Somersault follows Heidi as she scavengers her way through Jindabyne, having just run away from home and into the unknown wilderness of muddied snow and drunken tourists. The coldness of the landscape, however, is bearable compared to the icy chill she encounters in the people she meets there. This is no romanticised, rose-coloured take on Australian teen-hood, but an unsettling story of the vulnerability that comes with being young and alone for the first time in one’s life.
Somersault is slow; the film takes it time to unwind and uncoil, softly revealing the flaws and liabilities that each of its characters carries with them on their respective journeys. But the journey of Heidi remains at the forefront of this story. Abbie Cornish, who plays the naïve protagonist, portrays an abundance of genuine curiosity and ever-expanding hope in the beautiful yet cruel place she finds herself in.
The once small-time Aussie director heralded from Temora, New South Wales, is now making waves in Hollywood with Marvel’s Black Widow, starring Scarlett Johannsson and Florence Pugh, now under her belt. Australia’s greatest export (in my humble opinion) are these phenomenal talents that understand the universality in telling stories that connect people. From small indie Australian film to being at the helm of one of the biggest commercial storytelling machines in the world, Shortland knows how to tell a story. Somersault, although no superhero action-packed blockbuster, is an example of the humble beginnings of Australian filmmakers in telling stories about the country they come from.
Girl Asleep by Rosemary Myers
Rosemary Myers’ 2015 nostalgic dreamscape of mean girls and birthday party flash mobs, Girl Asleep, is one of the golden underrated nuggets of Aussie teen indie cinema. In an aesthetic style comparable to the likes of indie great Wes Anderson, Girl Asleep blurs fantasy with reality as fourteen-turning-fifteen-year-old Greta does her best to survive a birthday party she insisted she didn’t want.
Adapted from the play of the same name by Matthew Whittet who also wrote the screenplay, Girl Asleep is a 1970s-set, Australiana-styled nightmarish dreamscape of growing up in the suburbs. Infused with disco tunes and multiple choregraphed dance sequences, including an epic dance/fight scene to The Angels’ 1978 hit Take A Long Line, this indie dream is both hilariously absurd whilst completely and utterly Aussie.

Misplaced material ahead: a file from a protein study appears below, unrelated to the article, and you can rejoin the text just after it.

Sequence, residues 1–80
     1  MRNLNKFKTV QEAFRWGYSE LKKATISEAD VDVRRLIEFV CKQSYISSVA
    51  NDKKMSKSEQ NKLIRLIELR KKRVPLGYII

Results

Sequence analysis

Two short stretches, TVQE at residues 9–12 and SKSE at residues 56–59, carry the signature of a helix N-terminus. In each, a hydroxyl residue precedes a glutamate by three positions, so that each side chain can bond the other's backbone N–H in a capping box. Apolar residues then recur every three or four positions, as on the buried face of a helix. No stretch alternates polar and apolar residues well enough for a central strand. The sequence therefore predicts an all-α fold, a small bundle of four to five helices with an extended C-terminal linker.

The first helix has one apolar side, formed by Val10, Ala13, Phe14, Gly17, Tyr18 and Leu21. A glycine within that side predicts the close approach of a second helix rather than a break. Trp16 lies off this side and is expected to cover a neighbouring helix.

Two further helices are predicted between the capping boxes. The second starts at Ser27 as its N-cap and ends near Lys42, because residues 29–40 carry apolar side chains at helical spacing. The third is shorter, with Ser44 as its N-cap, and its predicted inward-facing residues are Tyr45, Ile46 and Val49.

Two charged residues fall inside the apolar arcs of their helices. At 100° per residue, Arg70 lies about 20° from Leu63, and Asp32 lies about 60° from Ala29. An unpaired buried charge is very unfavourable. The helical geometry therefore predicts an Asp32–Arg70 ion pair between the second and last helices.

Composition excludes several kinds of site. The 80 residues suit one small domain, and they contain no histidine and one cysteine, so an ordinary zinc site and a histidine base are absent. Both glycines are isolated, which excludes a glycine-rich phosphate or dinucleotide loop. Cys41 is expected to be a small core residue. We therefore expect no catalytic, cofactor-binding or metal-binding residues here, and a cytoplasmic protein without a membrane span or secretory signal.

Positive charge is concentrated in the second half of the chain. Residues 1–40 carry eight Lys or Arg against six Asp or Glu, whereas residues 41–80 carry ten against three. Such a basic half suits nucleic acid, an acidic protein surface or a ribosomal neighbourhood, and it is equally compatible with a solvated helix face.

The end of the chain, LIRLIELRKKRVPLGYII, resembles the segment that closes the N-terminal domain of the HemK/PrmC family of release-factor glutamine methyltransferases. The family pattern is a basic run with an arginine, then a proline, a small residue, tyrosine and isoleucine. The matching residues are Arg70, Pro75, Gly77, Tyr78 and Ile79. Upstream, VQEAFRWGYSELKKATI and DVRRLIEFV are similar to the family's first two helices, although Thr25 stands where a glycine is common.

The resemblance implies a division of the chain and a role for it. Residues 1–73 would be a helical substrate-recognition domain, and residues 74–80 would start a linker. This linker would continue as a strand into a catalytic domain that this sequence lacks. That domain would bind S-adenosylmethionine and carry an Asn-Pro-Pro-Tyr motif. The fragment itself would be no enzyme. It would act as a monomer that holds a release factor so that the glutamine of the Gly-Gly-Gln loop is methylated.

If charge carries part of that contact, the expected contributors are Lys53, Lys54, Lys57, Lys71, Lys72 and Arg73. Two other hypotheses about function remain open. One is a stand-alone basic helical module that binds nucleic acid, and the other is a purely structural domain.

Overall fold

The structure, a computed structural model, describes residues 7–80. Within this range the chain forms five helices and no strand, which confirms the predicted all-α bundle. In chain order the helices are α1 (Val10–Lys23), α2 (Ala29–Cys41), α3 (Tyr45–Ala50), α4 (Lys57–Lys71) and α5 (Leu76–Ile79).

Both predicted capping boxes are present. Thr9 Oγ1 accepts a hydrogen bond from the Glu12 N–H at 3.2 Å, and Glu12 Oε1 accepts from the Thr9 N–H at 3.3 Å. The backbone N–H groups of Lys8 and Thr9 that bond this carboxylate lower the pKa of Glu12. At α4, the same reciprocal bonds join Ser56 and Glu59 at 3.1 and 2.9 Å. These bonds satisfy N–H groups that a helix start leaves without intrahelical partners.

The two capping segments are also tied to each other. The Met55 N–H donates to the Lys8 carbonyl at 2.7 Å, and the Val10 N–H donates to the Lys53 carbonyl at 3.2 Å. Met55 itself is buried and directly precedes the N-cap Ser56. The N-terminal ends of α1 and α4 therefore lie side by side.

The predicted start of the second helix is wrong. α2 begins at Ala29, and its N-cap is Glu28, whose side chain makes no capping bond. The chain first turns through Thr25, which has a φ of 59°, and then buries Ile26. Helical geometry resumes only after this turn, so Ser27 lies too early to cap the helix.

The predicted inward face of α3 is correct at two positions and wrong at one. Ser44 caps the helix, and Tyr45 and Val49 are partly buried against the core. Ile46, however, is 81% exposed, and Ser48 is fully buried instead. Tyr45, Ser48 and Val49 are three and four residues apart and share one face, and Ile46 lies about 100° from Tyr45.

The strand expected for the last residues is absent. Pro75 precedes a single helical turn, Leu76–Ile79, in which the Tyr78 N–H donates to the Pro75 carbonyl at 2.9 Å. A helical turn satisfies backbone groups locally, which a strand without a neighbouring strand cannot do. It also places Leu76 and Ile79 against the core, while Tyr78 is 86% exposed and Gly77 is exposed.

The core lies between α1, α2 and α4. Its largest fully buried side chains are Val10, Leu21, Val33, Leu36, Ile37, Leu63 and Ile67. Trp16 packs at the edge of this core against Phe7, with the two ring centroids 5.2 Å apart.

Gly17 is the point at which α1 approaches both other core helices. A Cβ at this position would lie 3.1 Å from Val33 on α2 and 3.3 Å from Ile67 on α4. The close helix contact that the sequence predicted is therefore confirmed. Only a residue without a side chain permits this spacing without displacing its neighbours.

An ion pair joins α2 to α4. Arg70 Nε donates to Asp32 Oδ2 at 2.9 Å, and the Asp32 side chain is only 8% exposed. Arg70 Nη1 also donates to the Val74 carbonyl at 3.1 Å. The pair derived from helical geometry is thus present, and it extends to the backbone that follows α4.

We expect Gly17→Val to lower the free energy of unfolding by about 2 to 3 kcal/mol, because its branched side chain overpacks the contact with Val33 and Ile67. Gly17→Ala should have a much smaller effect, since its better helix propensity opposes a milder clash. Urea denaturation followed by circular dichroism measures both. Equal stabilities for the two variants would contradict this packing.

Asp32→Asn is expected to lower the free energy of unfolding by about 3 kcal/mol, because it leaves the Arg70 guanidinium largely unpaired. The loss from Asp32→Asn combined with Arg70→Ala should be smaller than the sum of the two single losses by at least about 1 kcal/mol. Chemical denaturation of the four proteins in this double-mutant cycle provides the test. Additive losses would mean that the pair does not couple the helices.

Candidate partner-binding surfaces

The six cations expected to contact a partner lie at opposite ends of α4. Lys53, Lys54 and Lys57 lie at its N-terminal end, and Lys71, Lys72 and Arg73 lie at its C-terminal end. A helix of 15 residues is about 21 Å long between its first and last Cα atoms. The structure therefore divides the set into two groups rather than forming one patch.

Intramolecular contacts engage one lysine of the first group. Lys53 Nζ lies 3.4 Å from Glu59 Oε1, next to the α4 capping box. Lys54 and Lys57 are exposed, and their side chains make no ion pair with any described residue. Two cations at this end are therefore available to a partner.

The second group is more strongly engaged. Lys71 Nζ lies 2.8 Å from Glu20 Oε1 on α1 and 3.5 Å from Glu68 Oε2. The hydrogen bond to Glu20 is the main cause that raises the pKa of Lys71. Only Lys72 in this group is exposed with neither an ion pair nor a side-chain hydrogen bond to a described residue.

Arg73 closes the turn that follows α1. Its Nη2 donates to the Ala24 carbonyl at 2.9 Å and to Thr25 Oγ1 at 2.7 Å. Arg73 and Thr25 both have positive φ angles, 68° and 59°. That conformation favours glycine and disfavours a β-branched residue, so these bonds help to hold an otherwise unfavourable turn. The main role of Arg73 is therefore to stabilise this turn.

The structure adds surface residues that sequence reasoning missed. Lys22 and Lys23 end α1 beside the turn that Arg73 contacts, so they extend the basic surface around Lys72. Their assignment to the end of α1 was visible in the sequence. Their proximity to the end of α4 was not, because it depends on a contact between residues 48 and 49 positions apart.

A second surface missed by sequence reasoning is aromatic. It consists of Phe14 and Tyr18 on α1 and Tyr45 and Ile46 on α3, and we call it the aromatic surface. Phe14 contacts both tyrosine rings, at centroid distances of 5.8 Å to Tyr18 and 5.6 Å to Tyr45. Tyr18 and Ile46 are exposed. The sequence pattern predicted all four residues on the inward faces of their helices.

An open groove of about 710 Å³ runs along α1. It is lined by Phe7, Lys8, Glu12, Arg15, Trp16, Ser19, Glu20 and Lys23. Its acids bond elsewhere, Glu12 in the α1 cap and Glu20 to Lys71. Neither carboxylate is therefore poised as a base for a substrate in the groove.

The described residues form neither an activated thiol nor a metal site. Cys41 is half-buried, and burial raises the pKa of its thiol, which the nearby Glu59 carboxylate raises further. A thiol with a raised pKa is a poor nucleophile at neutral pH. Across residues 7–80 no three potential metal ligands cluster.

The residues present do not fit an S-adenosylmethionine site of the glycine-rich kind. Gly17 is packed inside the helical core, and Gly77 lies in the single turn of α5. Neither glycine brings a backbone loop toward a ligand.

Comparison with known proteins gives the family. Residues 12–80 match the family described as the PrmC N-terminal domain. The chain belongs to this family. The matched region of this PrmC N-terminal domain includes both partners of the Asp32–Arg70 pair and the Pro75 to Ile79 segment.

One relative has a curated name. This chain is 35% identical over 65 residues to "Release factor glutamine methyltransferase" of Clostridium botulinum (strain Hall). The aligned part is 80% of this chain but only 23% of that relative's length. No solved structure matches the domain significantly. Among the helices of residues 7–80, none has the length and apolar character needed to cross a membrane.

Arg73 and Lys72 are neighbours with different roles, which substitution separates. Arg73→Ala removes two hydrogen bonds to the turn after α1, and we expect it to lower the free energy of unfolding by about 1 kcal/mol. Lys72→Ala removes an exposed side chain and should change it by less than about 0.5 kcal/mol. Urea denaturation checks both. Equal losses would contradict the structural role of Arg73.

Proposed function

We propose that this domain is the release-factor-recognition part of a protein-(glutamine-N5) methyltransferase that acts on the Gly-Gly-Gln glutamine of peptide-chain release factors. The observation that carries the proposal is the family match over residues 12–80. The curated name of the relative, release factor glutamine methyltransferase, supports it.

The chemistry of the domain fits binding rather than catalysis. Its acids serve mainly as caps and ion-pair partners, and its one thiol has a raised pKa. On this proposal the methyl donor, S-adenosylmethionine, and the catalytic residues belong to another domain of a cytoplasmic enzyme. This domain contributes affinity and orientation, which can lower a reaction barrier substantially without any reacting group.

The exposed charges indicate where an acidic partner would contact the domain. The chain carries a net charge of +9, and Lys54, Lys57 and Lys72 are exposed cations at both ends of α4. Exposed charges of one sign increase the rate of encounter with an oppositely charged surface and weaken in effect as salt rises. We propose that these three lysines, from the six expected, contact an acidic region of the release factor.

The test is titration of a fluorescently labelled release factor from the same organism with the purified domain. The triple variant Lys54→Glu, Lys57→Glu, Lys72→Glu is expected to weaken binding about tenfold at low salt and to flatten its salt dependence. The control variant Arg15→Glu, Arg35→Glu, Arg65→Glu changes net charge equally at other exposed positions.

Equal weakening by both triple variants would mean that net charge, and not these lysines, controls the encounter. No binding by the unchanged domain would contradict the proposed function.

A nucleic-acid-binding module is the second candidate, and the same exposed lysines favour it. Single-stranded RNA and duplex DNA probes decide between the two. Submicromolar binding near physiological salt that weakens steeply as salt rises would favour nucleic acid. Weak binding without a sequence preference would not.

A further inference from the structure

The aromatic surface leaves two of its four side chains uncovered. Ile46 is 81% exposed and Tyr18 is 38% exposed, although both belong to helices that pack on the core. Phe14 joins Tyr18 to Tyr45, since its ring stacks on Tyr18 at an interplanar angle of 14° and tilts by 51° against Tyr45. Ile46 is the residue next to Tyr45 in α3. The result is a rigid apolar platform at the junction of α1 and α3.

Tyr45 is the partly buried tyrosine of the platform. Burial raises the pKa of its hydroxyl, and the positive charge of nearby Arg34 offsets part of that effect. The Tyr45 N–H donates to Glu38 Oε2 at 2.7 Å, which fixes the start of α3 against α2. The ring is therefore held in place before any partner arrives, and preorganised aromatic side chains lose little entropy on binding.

Within the array of local films that manage to make it on to the big screens in front of Aussie audiences, only a very few of those few films embrace the weirdness and eccentricity of Australian life like Girl Asleep does. Rosemary Myers projects to audiences the mystical land of Australian suburbia as incomprehensible as a dream.
From the peculiar title cards imbedded in the film’s production design, to the abundance of idiosyncratic quirks of the characters (Greta’s dad literally tucks her into her bed as unnecessarily tightly as a coin tucked into the pocket of the skinniest of jeans), this film plays with the boundaries of hyper-realism in the frightening space of one teen’s life. In many ways, Myers’ tendency to bend the scope of reality with her quirky characters and hyper-real design comes across as more relatable and authentic to Aussie life than the stereotypes and down-under cliches that so often permeate our screens.
If the seventy-seven-minute run time isn’t enough to persuade you to chuck this movie on in between dinner and dessert, the ease of accessibility Netflix provides with this the addition of Girl Asleep to its growing catalogue of Australian content will surely be good reason enough to allow yourself an hour and a bit of utter Australiana bliss with this quirky slice of teen absurdity.